Paul Roberts writes from London: Holidaying in Dubai recently, I made the mistake of renting a car. This is completely unnecessary in a city with an efficient, spotless metro system and an abundance of clean and cheap taxis, not to mention a general driving standard that can best be described as challenging. But, well, we live and learn.
My mistake was compounded by the fact that I ended up driving around in a Nissan Tiida, a bargain basement ‘Group A’ special with styling presumably signed off by a secret Toyota spy. It also had a wheezing, asthmatic engine and an automatic gearbox that was still making up its mind which gear to try three days after I returned it to boot. Oh, and a boot. That was the best bit because it was big enough for me to hide in after people saw me driving it.
No, I had no idea what Tiida meant either but I’ve just looked it up on the internet and apparently it’s Japanese for ‘the ever-changing tide’. This may well be an evocative and effective badge in Japan but anywhere else in the world it just looks like a spelling mistake and reminds people that they need to pick up some rice for dinner.
Nissan has an impressive track record of giving its cars rubbish names. Really, did they ever think anyone was going to buy a car called a Cedric? ‘Hey Brian, come over and see my new Cedric!’ ‘Er, no, not unless you’ve bought someone’s Grandad’.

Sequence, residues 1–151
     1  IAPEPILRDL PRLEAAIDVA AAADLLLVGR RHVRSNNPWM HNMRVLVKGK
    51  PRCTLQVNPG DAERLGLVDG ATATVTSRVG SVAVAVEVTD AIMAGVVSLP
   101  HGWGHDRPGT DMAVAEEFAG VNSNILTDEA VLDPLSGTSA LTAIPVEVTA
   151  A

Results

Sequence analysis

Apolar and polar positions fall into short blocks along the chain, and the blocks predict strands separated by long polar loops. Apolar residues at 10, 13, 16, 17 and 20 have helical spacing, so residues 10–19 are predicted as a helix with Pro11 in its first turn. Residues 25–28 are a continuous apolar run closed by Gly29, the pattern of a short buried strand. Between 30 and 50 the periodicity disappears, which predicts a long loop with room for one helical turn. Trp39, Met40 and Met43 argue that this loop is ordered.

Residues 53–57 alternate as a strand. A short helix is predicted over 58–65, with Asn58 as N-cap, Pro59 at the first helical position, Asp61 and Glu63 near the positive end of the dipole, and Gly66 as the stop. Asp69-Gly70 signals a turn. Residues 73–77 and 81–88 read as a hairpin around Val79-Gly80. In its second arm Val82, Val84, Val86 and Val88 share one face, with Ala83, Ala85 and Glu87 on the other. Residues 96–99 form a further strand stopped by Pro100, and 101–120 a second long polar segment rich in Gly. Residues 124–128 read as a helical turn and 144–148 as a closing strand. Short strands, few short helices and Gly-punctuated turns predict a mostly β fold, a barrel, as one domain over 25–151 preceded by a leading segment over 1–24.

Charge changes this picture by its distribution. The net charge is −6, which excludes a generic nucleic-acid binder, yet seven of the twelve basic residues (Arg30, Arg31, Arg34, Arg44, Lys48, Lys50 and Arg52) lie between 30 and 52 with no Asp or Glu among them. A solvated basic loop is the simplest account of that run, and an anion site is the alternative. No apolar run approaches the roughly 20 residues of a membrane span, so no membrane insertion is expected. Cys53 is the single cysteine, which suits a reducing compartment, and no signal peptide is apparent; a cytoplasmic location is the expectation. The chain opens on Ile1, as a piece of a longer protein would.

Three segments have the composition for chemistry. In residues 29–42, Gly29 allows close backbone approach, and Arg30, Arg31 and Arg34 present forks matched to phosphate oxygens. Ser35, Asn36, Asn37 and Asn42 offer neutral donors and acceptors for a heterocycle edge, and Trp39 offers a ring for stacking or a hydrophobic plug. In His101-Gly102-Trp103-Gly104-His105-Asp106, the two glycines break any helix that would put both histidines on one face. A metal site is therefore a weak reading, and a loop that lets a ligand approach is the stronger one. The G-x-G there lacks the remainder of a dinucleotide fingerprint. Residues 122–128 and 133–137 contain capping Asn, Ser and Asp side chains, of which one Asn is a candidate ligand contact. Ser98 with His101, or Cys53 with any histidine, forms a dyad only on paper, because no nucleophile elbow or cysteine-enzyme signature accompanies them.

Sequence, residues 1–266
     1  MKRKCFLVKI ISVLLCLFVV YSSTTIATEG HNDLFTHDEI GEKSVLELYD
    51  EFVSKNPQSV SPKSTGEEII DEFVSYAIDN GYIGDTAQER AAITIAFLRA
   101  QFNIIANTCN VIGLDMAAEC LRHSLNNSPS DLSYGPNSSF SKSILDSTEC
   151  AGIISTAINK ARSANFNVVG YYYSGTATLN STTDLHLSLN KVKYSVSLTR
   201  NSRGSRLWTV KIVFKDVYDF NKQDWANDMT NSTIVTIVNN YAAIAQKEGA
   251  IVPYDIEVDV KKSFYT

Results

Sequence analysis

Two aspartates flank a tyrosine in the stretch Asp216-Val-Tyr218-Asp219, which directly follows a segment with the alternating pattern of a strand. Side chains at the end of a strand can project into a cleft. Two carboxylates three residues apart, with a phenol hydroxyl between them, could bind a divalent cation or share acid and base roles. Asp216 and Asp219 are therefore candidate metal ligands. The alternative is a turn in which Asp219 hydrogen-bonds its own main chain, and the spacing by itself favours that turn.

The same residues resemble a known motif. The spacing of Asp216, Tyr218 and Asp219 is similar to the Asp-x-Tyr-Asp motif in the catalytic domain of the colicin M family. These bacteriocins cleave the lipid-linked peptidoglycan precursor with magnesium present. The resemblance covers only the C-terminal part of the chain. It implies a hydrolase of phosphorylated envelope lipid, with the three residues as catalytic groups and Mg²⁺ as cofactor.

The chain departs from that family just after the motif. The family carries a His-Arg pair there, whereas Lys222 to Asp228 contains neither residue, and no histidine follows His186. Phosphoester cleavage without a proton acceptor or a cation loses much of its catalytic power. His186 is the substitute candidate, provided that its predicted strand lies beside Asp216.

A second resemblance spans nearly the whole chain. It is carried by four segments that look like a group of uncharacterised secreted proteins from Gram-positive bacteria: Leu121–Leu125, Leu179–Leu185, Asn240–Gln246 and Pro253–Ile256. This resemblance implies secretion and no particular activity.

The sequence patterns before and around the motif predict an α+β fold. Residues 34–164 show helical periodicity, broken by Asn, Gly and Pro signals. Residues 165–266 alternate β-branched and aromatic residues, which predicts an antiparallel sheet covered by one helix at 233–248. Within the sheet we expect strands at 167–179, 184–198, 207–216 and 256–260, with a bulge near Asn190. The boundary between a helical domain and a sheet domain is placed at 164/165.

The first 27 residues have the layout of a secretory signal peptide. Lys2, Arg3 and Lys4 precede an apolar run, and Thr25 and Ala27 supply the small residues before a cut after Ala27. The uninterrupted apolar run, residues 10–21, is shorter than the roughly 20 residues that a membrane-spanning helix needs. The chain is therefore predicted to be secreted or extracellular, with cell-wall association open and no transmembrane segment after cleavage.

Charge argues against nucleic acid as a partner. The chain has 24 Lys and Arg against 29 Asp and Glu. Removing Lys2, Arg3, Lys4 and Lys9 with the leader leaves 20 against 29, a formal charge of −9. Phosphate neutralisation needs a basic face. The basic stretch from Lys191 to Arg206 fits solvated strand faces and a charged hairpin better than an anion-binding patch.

But Nissan aren’t alone in needing a new Head of Names. Rivals Toyota had to re-name their nifty 1980s two-seater, the MR2, in France. (Try saying that en français.)
In fact, the Japanese are experts at this. Dubai is full of huge SUVs – well, with all the speed bumps you need serious off-road capability – and many of them bear the name ‘Pajero’. This Mitsubishi monster sounds inoffensive, even impressive, unless you speak Spanish, in which case you’ll know that its name refers to a man who, how can I put this, enjoys the pleasure of his own company. (This explains why it’s a Montero or Shogun in many countries.)
This leads me nicely on to Ford, which in the 1980s had long since recovered from the marketing mess of naming one of its cars after Henry Ford’s son and former chairman, Edsel, and had instead taken to borrowing names from pornographic magazines for its UK, erm, models. Thus, British drivers were happily popping off to the shops in Escorts, Fiestas and Big Ones Monthlies and all was well with the world – until, that is, someone thought: ‘Let’s make a coupé called the Probe!’ Oh dear.
Back to Dubai, where, had I upgraded my hire car, I could have got lost and crashed into other people on the Sheikh Zayed Road in a Renault Fluence. I can see what they were trying to do here – affluence or fluidity, maybe – but I’m just getting sewage.
Yes, there’s a rich history of stinkers when it comes to car names. The answer, rather obviously, is for car companies to stick to numbers. The trouble is, Ford would probably go for a 69.